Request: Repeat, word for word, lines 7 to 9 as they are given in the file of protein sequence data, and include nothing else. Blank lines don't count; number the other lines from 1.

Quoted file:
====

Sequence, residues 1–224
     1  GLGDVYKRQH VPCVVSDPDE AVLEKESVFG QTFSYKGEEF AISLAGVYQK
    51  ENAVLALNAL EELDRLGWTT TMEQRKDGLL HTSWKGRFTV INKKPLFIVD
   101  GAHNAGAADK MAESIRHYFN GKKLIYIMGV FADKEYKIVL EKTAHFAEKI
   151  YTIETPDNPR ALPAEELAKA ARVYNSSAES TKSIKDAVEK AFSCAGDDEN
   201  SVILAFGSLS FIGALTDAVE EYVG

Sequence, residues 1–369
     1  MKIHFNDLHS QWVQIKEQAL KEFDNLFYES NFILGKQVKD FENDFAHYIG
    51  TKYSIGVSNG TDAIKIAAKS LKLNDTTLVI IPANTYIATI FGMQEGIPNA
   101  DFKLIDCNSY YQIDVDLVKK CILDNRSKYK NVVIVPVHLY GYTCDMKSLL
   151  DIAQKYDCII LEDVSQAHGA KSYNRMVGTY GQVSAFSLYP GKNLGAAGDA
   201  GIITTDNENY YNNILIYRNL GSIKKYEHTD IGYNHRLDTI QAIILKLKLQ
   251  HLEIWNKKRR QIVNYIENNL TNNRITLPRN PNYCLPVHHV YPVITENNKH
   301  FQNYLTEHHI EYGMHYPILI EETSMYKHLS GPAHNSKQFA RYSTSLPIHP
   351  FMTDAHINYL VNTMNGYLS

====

Sequence, residues 1–369
     1  MKIHFNDLHS QWVQIKEQAL KEFDNLFYES NFILGKQVKD FENDFAHYIG
    51  TKYSIGVSNG TDAIKIAAKS LKLNDTTLVI IPANTYIATI FGMQEGIPNA